The ones to watch

Ruby Sandhu tracks the careers of five rising stars at the Bar and finds out why their instructing solicitors rate them.

Timothy Fancourt

Professional achievements/associations:Chancery Bar Association

Areas of practice: Property, chancery anhd commercial litigation as well as advisory work, particularly commercial and residential property.

What others say about him:

Fancourt is described as an exceptional barrister, with an “excellent brain but also practical and commercial”. His approach is considered to be thorough and he never loses sight of the pertinent issues. He is confident and relaxed in his approach and excels in areas of law that are particularly complex.

One lawyer describes him as “sharp and succinct”, while another says: “With clients, Timothy is relaxed and feels no hesitation in simplifying a complex issue of law to layman's language.”

One lawyer remarks “Fancourt instils confidence and faith in his clients” and he is described as “someone you want on your team”.

Edwin Johnson

9 Old Square

Called to the Bar: 1987

Professional achievements/associations: Lincoln's Inn, Chancery Bar Association.

Areas of practice: Commercial property, landlord and tenant as well as bankruptcy and insolvency. General editor of Megarry's: The Rent Acts and author of Enforceability of Landlord and Tenant Covenants

What others say about him:

Lawyers describe Johnson as an “extremely capable and diligent barrister”. He inspires confidence and always has a good grasp of the facts of any given case.

His approach is extremely thorough and his attention to detail is stringent, resulting in a high standard in both his written advice and advocacy. He is also considered a “pleasant, reliable chap who is easy to work with”.

As well as a sound commercial approach, Johnson is considered practical and “always willing to go the extra mile”. Landlord and tenant cases have included Church Commissioners v Ibrahim, on the right to indemnity costs in leases, and Crown Estate Commissioners v Aberdeen Steak Houses Group, which dealt with the issues of break notices and the termination of business tenancies.

One lawyer concludes that Johnson is “conscientious, calm and successfully on track for the top”.

Caroline Shea

Falcon Chambers

Called to the Bar: 1994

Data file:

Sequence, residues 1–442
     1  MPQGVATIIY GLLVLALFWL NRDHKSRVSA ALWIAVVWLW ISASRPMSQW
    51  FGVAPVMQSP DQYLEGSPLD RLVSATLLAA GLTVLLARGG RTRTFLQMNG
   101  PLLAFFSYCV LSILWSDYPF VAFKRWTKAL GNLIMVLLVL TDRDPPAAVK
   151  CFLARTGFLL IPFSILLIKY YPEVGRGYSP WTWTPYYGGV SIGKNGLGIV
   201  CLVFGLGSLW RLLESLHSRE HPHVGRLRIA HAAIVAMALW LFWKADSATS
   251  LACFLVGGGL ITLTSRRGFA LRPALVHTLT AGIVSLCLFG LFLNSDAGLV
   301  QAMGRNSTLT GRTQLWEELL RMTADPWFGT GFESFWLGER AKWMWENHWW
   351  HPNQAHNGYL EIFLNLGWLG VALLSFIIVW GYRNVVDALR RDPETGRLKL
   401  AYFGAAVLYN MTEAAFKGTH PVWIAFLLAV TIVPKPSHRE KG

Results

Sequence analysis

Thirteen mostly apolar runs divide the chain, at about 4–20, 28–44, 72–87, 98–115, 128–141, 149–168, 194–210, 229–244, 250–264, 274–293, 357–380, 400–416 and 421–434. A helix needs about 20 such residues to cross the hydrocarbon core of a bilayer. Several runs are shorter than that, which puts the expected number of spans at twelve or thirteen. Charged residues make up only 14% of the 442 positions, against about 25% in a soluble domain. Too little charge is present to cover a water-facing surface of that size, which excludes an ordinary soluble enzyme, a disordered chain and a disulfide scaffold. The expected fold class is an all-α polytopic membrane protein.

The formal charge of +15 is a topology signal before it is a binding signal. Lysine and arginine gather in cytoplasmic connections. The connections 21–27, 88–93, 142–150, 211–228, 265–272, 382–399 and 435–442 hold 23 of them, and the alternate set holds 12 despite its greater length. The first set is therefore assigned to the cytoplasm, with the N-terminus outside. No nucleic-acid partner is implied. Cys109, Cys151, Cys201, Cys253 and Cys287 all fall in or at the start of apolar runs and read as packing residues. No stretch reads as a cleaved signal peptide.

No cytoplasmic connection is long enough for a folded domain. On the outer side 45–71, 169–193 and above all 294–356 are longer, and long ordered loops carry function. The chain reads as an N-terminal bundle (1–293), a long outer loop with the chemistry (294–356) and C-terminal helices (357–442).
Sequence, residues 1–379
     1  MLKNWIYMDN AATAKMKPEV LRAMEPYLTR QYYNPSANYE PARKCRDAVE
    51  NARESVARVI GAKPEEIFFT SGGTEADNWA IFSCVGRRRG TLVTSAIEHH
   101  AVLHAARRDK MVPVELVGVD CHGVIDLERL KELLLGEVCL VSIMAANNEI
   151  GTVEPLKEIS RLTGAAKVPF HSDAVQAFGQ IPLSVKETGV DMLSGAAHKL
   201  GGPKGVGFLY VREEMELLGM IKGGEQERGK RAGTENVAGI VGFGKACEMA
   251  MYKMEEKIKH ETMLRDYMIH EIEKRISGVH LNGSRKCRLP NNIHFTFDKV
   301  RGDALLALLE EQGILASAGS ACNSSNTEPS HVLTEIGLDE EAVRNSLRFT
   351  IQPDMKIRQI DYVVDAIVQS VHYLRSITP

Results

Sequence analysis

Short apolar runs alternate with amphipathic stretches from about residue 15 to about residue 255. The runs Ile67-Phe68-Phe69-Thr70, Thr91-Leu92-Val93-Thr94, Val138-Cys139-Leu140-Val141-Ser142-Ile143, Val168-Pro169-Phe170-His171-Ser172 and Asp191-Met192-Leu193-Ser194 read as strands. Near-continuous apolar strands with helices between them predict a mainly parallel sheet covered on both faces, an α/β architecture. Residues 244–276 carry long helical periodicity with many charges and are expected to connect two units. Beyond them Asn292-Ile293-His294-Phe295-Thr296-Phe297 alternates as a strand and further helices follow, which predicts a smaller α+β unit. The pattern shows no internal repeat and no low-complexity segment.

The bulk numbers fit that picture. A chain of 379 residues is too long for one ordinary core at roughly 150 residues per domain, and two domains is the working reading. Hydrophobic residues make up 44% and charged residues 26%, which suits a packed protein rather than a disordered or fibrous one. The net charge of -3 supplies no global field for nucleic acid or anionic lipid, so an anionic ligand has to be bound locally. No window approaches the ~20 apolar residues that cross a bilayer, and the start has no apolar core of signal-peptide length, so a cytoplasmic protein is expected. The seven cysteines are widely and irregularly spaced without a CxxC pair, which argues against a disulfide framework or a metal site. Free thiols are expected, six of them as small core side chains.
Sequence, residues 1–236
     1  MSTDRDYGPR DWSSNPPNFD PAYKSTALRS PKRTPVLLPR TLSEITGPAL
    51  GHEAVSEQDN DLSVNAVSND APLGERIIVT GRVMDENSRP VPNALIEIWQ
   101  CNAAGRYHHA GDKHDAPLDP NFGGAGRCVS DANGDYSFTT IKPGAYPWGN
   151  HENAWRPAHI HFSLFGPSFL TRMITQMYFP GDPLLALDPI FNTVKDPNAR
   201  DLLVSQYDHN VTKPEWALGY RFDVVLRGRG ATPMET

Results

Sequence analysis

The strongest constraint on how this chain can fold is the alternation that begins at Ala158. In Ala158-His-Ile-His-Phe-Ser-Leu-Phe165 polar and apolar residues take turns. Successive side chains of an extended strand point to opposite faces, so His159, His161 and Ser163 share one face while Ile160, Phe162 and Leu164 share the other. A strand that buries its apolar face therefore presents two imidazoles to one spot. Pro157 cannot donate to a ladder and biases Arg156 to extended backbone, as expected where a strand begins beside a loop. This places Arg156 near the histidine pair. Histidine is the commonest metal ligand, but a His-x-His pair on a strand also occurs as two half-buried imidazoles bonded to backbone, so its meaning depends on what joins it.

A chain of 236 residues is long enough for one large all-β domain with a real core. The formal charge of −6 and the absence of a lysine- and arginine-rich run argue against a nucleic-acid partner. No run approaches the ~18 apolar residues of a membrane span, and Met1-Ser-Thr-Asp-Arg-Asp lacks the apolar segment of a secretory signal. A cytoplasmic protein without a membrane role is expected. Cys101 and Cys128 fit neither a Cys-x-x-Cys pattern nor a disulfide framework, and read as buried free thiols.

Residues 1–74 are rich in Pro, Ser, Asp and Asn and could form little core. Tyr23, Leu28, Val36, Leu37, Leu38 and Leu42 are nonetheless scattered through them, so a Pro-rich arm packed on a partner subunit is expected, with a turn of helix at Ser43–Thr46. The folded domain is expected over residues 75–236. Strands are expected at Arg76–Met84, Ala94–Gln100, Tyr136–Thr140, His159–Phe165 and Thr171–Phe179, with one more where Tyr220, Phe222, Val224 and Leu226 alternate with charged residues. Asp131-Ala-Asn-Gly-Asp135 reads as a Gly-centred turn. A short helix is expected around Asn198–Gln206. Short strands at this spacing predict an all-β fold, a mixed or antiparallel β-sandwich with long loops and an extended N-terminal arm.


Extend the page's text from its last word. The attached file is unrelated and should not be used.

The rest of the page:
Professional achievements/associations:

Chancery Bar Association, COMBAR. Contributor of legal articles to Property Week. Contributor to Woodfall's CD service.

Areas of practice:

Landlord and tenant, property litigation.

What others say about her:

Of all the names recommended in landlord and tenant law, Shea draws the most positive response from everyone who has worked with her.

The descriptions lawyers give regarding her approach to her work range from “quick” and “clever” to “first-rate with clients and very good in conferences”.

Another solicitor states: “She is head and shoulders above the rest of them.” Shea is “a modern barrister, and has no hang-ups about working with solicitors”.

One City solicitor says: “Caroline is a team player.” Others comment on her ability to get on with the business in hand, which she couples with an absolutely no-nonsense approach to all her work.

One lawyer at a top City firm insists she was most impressed with Shea's enthusiasm and approach and was certain that she would continue to be very much in demand.

Martin Rodger

Falcon Chambers

Called to the Bar: 1

Professional achievements/associations:

Chancery Bar Association, Agricultural Law Association, Professional Negligence Bar Association.

Areas of practice:

Commercial and agricultural property work including landlord and tenant, rent review and real property. Editor of Woodfall on Landlord and Tenant.

What others say about him:

Rodger receives enthusiastic responses from the lawyers he has worked with. One City lawyer describes him as “very thorough, wins cases”. Another lawyer is at pains to express Rodger's meticulous, thorough and considered approach to his work. Rodger is also commended on his ability to produce excellent skeleton arguments as a result of his knowledge and excellent command of the English language.

He is also at ease with difficult and complex legal issues, such as the question of set-off in a counter claim case, Inntrepreneur v Langton, being heard in the House of Lords, and the issue of the right to damages in the Courage v Crehan case, which is at the European Court of Justice.

Rodger is described as “Everybody's first choice for a junior barrister”. Lawyers note that his ability to thoroughly understand the issues in hand belies his title as a junior barrister. One lawyer claims: “He will go far.”

Timothy Dutton

Barnards Inn Chambers

Called to the Bar: 1

Professional achievements/associations:

Chancery Bar Association.

Areas of practice:

Property-related litigation with a strong landlord and tenant bias and other disputes in respect of commercial property.

What others say about him:

Dutton is described as “prompt and efficient”. This is further emphasised in his reputation of providing a “cost-effective service”.

One lawyer says that Dutton's previous experience as a solicitor in a top City law firm “certainly gives him an edge in his practice, especially in his ability to understand commercial reality”.

His experience in the City also provides a far more pragmatic appreciation of time limits and deadlines and Dutton is praised for his ability to respect this.

One lawyer says: “Timothy always produces things when he says he will, and is a very time-conscious individual.”

Dutton is described as having an excellent capacity of combining attention to detail, sound knowledge of the law and a thoroughly commercial approach to his work. And to top it all off, he is commended by colleagues for his role as an effective team player.

Dutton's recent successes include the well recognised case of Clarence Cafe v Comchester Properties that dealt with the difficult issue of peaceable entry.